Spotlight shines on 2 lawyers

By Michael Kranish, Globe Staff, 12/8/2000

ALLAHASSEE - Barry Richard, his thick, whitened hair soaring upright as if pulled by the electricity of the moment, could barely hide his indignation.

Richard, the lesser-known of the two main lawyers who appeared before the Florida Supreme Court yesterday, already had won a huge victory this week for his client, George W. Bush, persuading Leon County Circuit Judge N. Sanders Sauls to reject Al Gore's request for a recount.

Now, here was Richard, getting slightly more than his 15 minutes of fame, describing the case before the Florida Supreme Court in terse, even dismissive, terms.

''This is nothing more than a garden-variety appeal,'' the Tallahassee lawyer said.

Indeed, it was just your average, everyday case that comes along every century or so, one that could determine the presidency.

Richard's line was intended to make his technical point of law - namely, that the state Supreme Court had no business even considering Gore's appeal. He cited case law and sections of legislative code, but his point was that this was just another case where a loser is trying to get an undeserved second chance.

Richard is a Democrat who some believe might just as easily have been working for Gore. But the Bush team liked the idea of having one of the town's top trial lawyers on its side, and Richard accepted. Another lawyer for Bush, Ben Ginsberg, said Richard was recommended by Florida Governor Jeb Bush, who respected Richard's work before the Florida Supreme Court.

For weeks, Richard has been overshadowed by the earnest, balding Gore attorney, David Boies. Nearly every day, a profile in the newspapers or on television has detailed Boies's prowess, retelling how he successfully waged the US government's antitrust case against Microsoft and then went to work for the Internet music-sharing company known as Napster.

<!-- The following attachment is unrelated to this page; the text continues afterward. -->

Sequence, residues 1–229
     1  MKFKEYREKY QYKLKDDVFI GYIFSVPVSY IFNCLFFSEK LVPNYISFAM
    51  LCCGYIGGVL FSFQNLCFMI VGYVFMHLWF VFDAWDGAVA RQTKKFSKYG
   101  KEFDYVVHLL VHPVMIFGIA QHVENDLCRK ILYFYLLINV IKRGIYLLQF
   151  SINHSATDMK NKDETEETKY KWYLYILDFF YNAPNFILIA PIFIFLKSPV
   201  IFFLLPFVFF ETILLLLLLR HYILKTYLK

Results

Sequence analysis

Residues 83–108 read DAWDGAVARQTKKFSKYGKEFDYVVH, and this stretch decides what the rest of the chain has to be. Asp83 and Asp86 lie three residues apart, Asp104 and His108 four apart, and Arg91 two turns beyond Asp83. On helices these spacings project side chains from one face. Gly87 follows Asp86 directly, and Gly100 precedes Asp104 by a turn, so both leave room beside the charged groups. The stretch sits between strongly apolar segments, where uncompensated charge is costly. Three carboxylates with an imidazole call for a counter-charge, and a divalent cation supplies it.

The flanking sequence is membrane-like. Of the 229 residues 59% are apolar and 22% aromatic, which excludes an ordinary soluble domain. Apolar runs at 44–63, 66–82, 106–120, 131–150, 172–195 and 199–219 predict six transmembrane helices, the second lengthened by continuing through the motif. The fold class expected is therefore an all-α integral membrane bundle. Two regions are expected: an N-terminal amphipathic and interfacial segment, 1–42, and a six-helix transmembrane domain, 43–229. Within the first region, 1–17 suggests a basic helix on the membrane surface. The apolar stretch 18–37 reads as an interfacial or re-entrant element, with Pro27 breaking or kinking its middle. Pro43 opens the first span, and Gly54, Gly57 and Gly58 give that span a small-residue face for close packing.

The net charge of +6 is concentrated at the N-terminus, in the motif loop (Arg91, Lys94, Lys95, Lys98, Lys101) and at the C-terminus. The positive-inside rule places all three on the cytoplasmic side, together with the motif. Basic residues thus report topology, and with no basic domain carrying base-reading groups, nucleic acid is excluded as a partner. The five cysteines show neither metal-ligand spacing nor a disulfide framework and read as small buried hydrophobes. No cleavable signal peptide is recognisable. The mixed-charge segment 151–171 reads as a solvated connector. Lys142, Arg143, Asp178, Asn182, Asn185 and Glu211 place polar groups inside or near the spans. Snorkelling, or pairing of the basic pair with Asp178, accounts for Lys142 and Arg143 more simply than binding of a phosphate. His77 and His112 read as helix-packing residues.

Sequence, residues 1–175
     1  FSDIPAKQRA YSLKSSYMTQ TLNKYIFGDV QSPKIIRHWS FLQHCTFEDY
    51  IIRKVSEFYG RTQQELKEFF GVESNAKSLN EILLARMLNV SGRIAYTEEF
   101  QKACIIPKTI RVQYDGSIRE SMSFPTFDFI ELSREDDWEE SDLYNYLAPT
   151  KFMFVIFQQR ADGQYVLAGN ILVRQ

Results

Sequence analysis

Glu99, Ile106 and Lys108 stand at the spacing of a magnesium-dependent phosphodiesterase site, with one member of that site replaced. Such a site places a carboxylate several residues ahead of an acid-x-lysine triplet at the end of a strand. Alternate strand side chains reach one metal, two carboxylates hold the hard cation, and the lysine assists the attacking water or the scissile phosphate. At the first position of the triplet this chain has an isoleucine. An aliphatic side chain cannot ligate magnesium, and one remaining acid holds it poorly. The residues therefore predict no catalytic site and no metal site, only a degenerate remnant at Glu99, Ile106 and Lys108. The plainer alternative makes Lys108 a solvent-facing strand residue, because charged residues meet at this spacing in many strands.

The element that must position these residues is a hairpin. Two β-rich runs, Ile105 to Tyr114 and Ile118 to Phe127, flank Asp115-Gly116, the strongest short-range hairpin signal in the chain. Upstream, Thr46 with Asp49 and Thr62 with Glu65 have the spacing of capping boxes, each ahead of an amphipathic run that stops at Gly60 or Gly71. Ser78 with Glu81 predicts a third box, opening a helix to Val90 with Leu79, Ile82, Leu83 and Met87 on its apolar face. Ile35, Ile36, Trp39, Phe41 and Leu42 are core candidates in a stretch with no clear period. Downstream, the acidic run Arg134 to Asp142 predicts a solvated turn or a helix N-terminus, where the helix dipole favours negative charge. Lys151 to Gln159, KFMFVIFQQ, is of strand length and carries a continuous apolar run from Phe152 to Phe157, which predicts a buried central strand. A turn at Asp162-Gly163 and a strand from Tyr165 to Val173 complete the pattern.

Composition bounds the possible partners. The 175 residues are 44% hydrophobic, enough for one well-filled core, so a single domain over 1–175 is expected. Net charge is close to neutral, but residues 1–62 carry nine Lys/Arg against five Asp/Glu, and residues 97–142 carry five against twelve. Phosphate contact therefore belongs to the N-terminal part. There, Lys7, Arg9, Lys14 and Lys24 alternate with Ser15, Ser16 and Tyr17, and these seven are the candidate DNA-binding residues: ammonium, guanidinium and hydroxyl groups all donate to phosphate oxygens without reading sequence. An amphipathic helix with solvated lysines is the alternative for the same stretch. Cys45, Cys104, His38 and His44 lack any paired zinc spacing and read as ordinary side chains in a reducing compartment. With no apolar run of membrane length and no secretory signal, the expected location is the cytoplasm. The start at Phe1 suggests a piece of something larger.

''I went to get a haircut with him yesterday, and he had more photographers following him than I've had around me in 20 years,'' said another Gore attorney, Dexter Douglass.

Then again, Boies lost one of the biggest cases of his career Monday when Sauls rejected each of Boies's arguments.

Yesterday, Boies, dressed in a dark suit, striped shirt, and one of those flat-edged cloth ties that went out of style about 20 years ago, showed abundant evidence of his legal intellect.

For example, when Justice Peggy Quince said that Gore's filing of a ''contest'' of the election was a first in Florida, Boies could not resist showing off his quickly acquired knowledge of her state.

''Well, actually back in 1916 in the gubernatorial race there was an attempt to bring a contest by mandamus to this court,'' Boies said. Then, perhaps remembering the importance of deference in the courtroom, he continued, ''But in the modern era, I think the court is right, you have not had a statewide contest.''

Robert Jarvis, a professor at Nova Southeastern Law Center in Fort Lauderdale, said afterward that both Boies and Richard seemed tired and anxious.

''I thought Boies looked ... like a man going down to defeat,'' said Jarvis, a Democrat who voted for Gore. ''I was a little disappointed in his presentation. He didn't drop any bombshells.''

As for Richard, Jarvis said that he seemed ''so aggressive'' and like ''an attack dog'' in a setting where lawyers usually try to be collegial.

This wasn't even Richard's only trial of the day. No sooner was the hearing over than he rushed a block away to the Leon County Circuit Court, where he also was representing Bush in a case brought by Democratic voters trying to throw out absentee ballots in Seminole County.

Boies, by contrast, had time to give a nationally televised press conference that lasted for nearly 30 minutes. This will likely be the last case for Gore he will argue.